The role of  Bank of Canada

The Bank of Canada is the nation’s central bank. Its principal role is “to promote the economic and financial welfare of Canada,” as defined in the Bank of Canada Act. The Bank of Canada is a special type of Crown corporation that is owned by the federal government, but has considerable independence to carry out its responsibilities and therefore operates separately from the political process.

The Bank’s four main areas of responsibility are5:

  • Monetary policy: The Bank influences the supply of money circulating in the economy, using its monetary policy framework to keep inflation low and stable.
  • Financial systems: The Bank promotes safe, sound and efficient financial systems, within Canada and internationally, and conducts transactions in financial markets in support of these objectives.
  • Currency: The Bank designs, issues and distributes Canada’s bank notes.
  • Funds management: The Bank is the fiscal agent for the Government of Canada, managing its public debt programs and foreign exchange reserves.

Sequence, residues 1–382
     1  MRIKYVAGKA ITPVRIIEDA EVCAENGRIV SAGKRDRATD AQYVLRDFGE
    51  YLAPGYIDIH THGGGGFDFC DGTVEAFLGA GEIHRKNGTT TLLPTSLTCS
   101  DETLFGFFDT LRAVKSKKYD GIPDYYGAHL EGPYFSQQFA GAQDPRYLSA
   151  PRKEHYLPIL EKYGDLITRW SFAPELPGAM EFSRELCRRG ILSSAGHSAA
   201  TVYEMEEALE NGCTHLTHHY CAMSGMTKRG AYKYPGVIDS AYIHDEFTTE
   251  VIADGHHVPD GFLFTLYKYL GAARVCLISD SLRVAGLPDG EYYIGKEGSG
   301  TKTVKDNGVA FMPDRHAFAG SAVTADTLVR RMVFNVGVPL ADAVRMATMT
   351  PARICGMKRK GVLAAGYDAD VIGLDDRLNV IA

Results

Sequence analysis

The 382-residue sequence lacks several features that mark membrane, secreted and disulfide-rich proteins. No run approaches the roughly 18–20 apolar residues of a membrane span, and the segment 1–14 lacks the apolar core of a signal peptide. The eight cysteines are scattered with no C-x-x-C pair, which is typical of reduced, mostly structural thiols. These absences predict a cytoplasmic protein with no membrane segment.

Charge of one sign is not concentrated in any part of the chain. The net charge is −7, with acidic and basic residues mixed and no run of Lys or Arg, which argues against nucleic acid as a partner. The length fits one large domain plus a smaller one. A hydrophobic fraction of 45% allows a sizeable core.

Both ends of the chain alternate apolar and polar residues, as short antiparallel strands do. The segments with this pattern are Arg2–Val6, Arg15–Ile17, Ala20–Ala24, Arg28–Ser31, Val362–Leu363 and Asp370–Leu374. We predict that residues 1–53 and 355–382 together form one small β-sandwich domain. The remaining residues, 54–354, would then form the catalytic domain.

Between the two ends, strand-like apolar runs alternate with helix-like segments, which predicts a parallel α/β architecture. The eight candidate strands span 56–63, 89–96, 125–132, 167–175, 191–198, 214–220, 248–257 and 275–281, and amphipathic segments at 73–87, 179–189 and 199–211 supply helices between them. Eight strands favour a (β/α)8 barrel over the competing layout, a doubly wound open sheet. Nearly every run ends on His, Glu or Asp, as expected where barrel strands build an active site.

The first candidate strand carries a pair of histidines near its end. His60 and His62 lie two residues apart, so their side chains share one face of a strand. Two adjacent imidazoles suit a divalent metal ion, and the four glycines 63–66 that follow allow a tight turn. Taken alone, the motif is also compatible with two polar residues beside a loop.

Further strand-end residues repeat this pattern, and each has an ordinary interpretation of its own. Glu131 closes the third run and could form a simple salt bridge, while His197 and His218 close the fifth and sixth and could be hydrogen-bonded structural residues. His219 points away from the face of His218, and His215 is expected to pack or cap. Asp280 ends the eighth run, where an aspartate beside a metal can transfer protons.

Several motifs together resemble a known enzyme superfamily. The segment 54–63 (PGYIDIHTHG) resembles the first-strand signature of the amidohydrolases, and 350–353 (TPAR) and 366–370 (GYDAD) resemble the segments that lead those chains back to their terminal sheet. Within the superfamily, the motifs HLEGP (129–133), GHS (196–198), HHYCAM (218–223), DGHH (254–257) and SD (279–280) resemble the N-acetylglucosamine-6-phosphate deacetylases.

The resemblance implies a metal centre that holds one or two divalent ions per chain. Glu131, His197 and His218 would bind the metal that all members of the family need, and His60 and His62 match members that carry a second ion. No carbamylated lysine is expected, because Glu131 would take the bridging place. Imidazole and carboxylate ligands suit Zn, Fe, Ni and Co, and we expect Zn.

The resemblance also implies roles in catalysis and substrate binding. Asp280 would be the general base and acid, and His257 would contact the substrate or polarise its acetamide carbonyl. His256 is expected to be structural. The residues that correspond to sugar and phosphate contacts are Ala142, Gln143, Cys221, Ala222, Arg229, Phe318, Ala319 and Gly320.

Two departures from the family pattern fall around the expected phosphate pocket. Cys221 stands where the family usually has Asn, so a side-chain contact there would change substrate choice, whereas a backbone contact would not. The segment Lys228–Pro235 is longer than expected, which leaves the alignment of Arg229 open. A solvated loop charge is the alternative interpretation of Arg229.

The Bank of Canada is led by the Governing Council, the policy-making body of the Bank, which is responsible for:

  • conducting monetary policy; and
  • promoting a safe and efficient financial system.

The Governing Council is made up of the Governor, the Senior Deputy Governor and the Deputy Governors. The Governing Council’s main tool for conducting monetary policy is the target for the overnight rate (also known as the key policy rate). This rate is normally set on eight fixed announcement dates per year. The Council reaches its decisions about the rate by consensus, rather than by individual votes, as is the case at some other central banks.

The Bank of Canada’s Role in Managing the Money Supply.

The Bank of Canada plays a vital role in managing the money supply in Canada. If the Bank of Canada wants to increase the money supply, it can buy government securities. The individuals and investors who sell these bonds then deposit the proceeds in their banks. These deposits increase banks’ reserves and their willingness to make loans. The Bank of Canada can also lower the bank rate; this action will cause increased demand for loans from businesses and households because these customers borrow more money when interest rates drop.